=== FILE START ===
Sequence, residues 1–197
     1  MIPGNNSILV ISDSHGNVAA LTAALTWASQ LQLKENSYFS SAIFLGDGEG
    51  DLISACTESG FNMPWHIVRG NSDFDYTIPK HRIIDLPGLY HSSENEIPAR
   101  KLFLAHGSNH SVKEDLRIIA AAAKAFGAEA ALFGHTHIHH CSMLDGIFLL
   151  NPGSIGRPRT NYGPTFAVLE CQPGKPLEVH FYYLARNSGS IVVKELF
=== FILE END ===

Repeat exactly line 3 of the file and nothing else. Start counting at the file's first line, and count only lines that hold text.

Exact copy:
    51  DLISACTESG FNMPWHIVRG NSDFDYTIPK HRIIDLPGLY HSSENEIPAR